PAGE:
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Take-Two Interactive Makes Trademark Claim Against It Takes Two

It Takes Two Take-Two Interactive Trademark

Take-Two Interactive has issued a trademark claim against Hazelight’s It Takes Two, forcing them to abandon ownership of the name.

 

Most companies tend to protect their IP, so Take-Two Interactive issuing trademark disputes against “Starrocks” in Beijing, China (as they are the parent company of Rockstar Games) would not be abnormal. Others are a little more debatable. Project 1920 Inc. used the slogan “Don’t be a rockstar, be a legend!,” while clothing brand Max Fayne both drew Take-Two’s ire this year.

In fact, Twitter use Ash R. noted Take-Two had “gone on a rampage” of trademark disputes. This included multiple claims of ownership of the words Rockstar, Bully, Take Two, and numerous variants. It would seem the latter has been levied against Hazelight’s It Takes Two.

The co-operative action adventure game sees Cody and May planning on divorcing- but turned into small dolls their daughter made. Guided by a living relationship therapy book, the pair must try to repair their relationship to return to their own bodies.

The title is an obvious references to numerous phrases on how relationships require both people to put in efforts and concessions. The game’s debut trailer also featured song It Takes Two by Marvin Gaye and Kim Weston. According to Wikipedia [1, 2] “Take Two” has also been used of note in at least one book, one novel, five films, six TV series, five albums, and three other songs.

 

Eurogamer reports Hazelight were issued the trademark claim against It Takes Two earlier this year (March 25th). Records show they have now abandoned ownership of the name.

Video games industry lawyer Richard Hoeg shared his thoughts on his Virtual Legality podcast. He stated that Take-Two frequently takes advantage of companies needing the complex process of extensions and challenges to even challenge them.

“You can start to see applicants peremptorily limit their own applications to (try to) avoid getting extended out, as well as plenty of folks with legitimate applications simply choosing not to fight by defaulting on the opposition.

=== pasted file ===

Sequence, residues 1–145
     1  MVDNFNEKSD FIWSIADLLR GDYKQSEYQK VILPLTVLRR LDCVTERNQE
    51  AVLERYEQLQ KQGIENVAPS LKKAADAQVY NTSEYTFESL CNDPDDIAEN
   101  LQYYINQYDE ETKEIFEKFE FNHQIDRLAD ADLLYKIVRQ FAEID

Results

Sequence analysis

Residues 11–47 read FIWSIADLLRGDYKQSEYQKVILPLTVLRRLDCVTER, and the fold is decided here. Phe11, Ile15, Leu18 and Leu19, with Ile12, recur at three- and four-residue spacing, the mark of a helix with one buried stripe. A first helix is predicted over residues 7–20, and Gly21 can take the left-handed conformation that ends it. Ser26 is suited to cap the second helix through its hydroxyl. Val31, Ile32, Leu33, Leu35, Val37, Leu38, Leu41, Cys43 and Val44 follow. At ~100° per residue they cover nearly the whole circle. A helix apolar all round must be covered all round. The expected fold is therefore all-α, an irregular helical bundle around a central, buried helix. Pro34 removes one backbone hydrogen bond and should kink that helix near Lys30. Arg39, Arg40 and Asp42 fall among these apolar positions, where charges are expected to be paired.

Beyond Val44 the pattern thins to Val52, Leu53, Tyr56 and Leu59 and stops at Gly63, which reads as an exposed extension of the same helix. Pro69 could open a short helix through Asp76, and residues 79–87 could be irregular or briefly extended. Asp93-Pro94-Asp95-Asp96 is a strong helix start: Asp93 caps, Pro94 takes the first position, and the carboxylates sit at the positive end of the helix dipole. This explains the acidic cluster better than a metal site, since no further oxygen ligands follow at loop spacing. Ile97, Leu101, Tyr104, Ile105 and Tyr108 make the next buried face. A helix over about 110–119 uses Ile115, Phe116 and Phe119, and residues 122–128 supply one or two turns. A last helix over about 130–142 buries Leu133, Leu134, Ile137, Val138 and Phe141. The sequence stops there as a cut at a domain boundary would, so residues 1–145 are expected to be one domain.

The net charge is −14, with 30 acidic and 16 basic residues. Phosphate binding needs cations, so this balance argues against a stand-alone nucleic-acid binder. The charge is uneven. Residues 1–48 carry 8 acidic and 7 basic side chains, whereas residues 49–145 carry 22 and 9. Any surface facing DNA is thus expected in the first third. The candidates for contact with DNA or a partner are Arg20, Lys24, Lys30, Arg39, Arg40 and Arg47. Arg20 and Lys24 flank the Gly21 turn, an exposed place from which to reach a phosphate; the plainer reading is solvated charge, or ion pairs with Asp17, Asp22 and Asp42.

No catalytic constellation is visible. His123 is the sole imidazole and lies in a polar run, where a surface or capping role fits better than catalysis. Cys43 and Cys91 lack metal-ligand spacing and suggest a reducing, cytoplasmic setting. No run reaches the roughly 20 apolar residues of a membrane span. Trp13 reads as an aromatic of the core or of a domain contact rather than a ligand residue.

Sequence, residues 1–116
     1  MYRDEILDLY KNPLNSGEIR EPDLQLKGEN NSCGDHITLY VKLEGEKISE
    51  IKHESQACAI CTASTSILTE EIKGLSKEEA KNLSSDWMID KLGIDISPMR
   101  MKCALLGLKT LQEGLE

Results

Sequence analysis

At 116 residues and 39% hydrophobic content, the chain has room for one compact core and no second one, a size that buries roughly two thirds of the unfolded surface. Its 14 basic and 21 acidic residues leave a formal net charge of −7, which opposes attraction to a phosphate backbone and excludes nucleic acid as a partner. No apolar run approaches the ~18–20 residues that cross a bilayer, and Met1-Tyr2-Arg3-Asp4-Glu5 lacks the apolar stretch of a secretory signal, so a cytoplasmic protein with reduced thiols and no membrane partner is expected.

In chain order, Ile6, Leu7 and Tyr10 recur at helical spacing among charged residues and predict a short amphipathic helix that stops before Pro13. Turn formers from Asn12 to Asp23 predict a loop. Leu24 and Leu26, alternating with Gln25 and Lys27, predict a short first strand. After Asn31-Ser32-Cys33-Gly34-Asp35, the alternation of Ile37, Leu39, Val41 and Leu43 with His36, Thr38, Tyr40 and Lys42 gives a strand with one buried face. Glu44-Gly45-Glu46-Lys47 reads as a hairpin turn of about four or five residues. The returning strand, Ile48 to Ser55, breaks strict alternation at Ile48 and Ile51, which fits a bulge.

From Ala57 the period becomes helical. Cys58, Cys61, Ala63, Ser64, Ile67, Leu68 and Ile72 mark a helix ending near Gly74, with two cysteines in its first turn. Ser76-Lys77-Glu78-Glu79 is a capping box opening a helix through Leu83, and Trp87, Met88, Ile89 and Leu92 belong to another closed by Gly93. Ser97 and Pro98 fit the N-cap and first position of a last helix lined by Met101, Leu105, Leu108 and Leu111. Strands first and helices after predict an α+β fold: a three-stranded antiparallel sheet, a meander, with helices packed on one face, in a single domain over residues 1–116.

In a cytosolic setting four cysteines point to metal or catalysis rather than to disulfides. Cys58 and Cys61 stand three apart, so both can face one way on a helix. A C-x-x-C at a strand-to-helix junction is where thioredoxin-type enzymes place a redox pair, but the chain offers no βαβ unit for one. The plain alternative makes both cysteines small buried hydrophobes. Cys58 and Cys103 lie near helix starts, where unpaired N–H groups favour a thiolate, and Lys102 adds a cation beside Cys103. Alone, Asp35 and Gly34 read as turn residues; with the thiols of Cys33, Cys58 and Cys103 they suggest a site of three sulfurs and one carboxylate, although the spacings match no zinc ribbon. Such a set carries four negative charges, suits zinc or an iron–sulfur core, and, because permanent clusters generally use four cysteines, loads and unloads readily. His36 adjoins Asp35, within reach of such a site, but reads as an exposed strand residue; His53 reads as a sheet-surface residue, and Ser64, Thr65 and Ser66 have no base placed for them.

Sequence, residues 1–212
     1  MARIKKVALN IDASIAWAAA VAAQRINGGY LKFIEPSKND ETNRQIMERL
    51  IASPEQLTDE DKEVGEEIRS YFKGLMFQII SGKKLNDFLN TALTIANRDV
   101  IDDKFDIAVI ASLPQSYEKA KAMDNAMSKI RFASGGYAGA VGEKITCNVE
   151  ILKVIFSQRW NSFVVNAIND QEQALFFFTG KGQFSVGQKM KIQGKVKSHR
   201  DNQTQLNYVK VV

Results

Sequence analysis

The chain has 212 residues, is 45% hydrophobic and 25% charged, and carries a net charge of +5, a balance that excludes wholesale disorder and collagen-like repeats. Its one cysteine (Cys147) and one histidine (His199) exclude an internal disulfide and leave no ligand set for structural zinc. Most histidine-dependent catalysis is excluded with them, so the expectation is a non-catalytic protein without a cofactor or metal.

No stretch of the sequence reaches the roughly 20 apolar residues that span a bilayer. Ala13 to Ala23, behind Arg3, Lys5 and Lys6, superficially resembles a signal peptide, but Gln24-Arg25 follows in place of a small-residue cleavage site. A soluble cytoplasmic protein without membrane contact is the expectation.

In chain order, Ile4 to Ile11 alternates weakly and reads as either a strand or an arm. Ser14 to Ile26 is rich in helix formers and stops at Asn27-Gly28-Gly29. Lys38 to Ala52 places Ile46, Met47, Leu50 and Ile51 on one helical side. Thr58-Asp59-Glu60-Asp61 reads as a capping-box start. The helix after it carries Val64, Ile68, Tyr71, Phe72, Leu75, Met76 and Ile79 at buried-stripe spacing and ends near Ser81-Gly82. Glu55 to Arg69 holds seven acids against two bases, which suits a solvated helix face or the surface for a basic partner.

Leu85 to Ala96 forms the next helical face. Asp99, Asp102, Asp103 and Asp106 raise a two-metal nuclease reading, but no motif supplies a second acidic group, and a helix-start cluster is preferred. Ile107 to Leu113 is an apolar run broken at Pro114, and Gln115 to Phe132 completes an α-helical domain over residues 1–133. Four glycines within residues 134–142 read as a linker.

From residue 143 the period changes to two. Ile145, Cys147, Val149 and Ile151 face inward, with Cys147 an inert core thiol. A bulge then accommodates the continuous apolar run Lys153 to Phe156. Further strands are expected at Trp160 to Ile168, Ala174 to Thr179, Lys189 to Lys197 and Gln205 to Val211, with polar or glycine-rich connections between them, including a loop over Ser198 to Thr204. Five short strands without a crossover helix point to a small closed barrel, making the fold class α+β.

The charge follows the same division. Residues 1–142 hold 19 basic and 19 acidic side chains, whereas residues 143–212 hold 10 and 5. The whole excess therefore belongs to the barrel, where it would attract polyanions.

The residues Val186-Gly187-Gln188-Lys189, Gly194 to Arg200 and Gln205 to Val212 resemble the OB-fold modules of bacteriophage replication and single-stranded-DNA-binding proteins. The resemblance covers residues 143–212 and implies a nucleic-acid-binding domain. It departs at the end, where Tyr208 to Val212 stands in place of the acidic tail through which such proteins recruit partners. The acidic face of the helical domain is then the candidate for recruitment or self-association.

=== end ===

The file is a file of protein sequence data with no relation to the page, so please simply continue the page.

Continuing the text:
If you look at the Trial and Appeals Board, you can see that Take-Two as filed at least extension requests for 25 challenges in the last three months. Most other game companies go back 6 or 7 years to get to that number. Take-Two is being very, very aggressive.

It Takes Two by comparison, isn’t a company name, and it’s of limited use in any event due to the sheer number of goods and services that already use the phrase. I would suspect they simply wind up going untrademarked and relying on copyright.”

 

A Hazelight spokesperson stated they “cannot comment on ongoing disputes” when speaking to Eurogamer. However they did not dispute that they had been forced to abandon the trademark by Take-Two; and the team were “hopeful it will be resolved.” No statement was given on how this would affect selling It Takes Two, if there were any plans to rename it, and so forth.

Take-Two Interactive were also reportedly aggressive in taking down fan-made mods and reverse engineering projects for Grand Theft Auto games. This was shortly prior to and after the announcement of Grand Theft Auto: The Trilogy – The Definitive EditionThis was followed by a disastrous and buggy launch, and Rockstar Games’ apology on the state of the games.

 

Take-Two Interactive were also accused of poaching Kerbal Space Program 2 and developers from Star Theory last year; after cancelling a contract with them. That same year they also allegedly sent private investigators to a YouTuber’s house to prevent him leaking Borderlands 3 details.

One definitive bit of controversy in 2021 came from Take-Two Interactive CEO Strauss Zelnick. He stated gamers were “ready” for $70 USD next-generation games.

 

It Takes Two is available on Windows PC (via Origin, and Steam), PlayStation 4, PlayStation 5, Xbox One, and Xbox Series X|S.

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Taking his first steps onto Route 1 and never stopping, Ryan has had a love of RPGs since a young age. Now he's learning to appreciate a wider pallet of genres and challenges.